27. A private cellular system to provide private cellular service to a plurality of private mobile units and to provide public cellular service to a plurality of public mobile units, the private cellular system being part of a private cellular network that includes a plurality of private cellular systems, the private cellular system comprising:
a base station subsystem (BSS) to communicate with the plurality of private mobile units and the plurality of public mobile units using licensed frequency spectrum associated with a public land mobile network (PLMN);
a private network switching subsystem to provide switching for the private mobile units using the private cellular service provided by the private cellular system;
a gateway function, the gateway function including:
an upstream interface configured to communicatively couple the private cellular system to at least one of the PLMN and another one of the private cellular systems; and
an accurate paging function that maintains a table that identifies a location of each mobile unit that is currently located within a coverage associated with the private cellular system or that is currently located within a downstream coverage area associated with at least one private cellular system that is subordinate to the private cellular system, the accurate paging function being configured to:
determine when a paging request received at that private cellular system is intended for a mobile unit located within the downstream coverage area associated with the private cellular system that is subordinate to that private cellular system; and
forward the paging request to a base station controller included in the private cellular system that is subordinate to that private cellular system; and
a multiplexer function that communicatively couples the BSS, via the gateway function, to a public network switching subsystem included in the PLMN in connection with providing the public cellular service to the public mobile units using the private cellular system, and that communicatively couples the BSS to the private network switching subsystem in connection with providing the private cellular service to the private mobile units using the private cellular system,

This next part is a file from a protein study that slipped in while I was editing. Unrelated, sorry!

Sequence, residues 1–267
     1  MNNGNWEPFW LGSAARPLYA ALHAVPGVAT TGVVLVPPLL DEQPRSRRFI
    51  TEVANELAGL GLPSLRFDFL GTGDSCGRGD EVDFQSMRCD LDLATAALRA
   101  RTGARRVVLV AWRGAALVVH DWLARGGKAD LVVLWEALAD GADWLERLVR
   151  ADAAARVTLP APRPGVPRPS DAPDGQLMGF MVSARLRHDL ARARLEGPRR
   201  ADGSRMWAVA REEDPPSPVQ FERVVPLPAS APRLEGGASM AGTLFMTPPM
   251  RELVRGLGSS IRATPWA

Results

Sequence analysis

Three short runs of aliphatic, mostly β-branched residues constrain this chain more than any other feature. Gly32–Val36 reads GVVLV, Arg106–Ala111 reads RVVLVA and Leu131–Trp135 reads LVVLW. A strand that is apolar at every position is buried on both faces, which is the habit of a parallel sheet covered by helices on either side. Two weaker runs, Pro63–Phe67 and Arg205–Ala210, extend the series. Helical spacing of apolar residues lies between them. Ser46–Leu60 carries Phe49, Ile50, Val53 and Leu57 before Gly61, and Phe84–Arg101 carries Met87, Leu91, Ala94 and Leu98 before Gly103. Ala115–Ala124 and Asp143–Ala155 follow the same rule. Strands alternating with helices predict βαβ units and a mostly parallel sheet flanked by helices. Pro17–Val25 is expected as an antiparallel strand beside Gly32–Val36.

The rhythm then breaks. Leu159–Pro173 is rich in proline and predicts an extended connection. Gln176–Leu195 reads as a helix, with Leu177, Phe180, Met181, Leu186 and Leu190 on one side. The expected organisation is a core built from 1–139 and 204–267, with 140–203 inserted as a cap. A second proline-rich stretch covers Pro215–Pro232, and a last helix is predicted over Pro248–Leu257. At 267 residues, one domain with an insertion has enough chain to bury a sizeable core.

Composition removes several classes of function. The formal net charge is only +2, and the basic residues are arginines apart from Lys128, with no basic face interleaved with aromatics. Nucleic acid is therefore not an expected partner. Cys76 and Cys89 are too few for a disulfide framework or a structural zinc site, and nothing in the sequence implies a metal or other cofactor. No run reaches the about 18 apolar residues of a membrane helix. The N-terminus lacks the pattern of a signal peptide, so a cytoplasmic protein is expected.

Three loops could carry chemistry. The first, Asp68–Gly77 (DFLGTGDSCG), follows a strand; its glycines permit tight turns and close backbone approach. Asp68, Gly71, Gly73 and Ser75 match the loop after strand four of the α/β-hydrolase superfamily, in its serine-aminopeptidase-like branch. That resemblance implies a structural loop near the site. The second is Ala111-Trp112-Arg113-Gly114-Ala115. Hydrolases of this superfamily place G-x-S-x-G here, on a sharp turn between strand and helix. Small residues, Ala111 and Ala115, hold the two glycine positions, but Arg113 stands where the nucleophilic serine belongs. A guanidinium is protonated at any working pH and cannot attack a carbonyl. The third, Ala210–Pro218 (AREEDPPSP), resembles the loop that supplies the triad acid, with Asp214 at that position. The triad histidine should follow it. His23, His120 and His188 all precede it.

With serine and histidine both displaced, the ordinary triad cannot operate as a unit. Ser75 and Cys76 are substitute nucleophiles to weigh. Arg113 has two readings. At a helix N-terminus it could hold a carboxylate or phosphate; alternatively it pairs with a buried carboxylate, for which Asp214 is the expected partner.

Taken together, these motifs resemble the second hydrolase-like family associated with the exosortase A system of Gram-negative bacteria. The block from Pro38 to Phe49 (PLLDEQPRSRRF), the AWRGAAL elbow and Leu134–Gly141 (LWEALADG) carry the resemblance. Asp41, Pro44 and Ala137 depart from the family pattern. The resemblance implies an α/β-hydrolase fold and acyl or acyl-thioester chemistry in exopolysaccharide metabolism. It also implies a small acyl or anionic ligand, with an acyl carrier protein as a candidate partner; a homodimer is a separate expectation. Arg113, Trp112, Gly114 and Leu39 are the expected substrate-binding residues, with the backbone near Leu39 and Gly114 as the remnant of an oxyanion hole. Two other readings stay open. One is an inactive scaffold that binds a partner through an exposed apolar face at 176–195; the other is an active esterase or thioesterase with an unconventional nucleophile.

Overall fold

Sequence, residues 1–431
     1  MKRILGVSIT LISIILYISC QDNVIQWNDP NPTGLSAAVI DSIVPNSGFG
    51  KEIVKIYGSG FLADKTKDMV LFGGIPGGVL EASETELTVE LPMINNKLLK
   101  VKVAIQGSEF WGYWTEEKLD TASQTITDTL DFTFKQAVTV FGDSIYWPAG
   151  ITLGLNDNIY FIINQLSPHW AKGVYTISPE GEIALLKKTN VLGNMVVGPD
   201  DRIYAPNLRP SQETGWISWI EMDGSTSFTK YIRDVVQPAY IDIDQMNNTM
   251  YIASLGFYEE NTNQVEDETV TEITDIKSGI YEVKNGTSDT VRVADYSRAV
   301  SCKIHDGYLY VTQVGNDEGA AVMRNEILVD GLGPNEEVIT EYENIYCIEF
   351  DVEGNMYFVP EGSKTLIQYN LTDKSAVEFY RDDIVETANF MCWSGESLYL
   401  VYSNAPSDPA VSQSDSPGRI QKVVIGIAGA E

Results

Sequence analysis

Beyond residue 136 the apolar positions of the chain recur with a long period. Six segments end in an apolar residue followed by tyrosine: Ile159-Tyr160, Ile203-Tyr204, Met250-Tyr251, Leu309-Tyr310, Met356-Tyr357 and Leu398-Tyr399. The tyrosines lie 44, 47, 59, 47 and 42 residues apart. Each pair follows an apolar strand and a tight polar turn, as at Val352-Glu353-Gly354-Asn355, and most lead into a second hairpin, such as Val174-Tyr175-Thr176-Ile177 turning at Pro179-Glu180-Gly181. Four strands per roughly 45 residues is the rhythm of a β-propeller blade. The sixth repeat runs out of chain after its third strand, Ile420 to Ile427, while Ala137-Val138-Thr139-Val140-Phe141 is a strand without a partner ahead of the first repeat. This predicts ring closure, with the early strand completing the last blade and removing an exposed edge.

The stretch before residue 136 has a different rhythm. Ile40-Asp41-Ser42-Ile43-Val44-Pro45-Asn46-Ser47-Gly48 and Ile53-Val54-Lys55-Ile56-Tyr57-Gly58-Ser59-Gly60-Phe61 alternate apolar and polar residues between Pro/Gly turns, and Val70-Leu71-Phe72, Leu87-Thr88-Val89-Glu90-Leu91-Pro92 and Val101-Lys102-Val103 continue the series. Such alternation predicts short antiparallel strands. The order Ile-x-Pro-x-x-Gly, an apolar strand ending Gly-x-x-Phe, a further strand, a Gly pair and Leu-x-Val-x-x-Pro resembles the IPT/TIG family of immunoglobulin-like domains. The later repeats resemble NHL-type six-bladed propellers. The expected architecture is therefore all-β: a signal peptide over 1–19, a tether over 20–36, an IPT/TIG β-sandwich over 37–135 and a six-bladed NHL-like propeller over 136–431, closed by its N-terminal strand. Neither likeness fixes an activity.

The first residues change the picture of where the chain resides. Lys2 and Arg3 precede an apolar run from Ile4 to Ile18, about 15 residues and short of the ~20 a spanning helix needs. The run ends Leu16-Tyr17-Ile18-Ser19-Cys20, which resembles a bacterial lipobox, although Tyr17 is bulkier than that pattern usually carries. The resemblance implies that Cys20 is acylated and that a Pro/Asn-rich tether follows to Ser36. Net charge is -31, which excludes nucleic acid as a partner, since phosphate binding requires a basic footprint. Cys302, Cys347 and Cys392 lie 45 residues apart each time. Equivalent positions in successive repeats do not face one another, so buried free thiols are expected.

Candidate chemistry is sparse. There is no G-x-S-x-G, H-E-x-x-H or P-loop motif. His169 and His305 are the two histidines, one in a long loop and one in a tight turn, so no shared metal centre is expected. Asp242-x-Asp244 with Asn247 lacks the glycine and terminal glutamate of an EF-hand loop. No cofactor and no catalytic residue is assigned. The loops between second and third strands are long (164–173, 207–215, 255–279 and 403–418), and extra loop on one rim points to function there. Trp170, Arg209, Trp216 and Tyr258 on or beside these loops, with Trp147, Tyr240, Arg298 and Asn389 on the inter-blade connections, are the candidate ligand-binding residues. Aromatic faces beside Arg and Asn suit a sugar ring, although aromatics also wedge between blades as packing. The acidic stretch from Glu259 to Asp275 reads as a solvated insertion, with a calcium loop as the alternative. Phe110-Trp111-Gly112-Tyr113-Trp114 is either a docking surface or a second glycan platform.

wherein the gateway function is configured to make the private cellular network appear, to the PLMN, as though it is implemented using only a single private cellular system.
28. The private cellular system of claim 27, wherein the accurate paging function is configured to direct a paging request received from the PLMN for a first public mobile unit to only the private cellular system having the first public mobile unit presently located within its associated coverage area.
29. The private cellular system of claim 27, wherein the accurate paging function is configured to:
determine when a paging request received at the private cellular system is intended for a subscriber located within the coverage area associated with the private cellular system; and
forward the paging request to the base station subsystem; included in that private cellular system.
30. The private cellular system of claim 27, wherein a response to a paging request that is received at the at the accurate paging function of the private cellular system from another private cellular system that is subordinate to the private cellular system is forwarded upstream by the gateway function included in the private cellular system.
31. The private cellular system of claim 27, further comprising a trunk router function that couples the private cellular system to the PLMN using at least one trunk group.
32. The private cellular system of claim 31, wherein the trunk router function couples the private cellular system to a public switched telephone network (PSTN).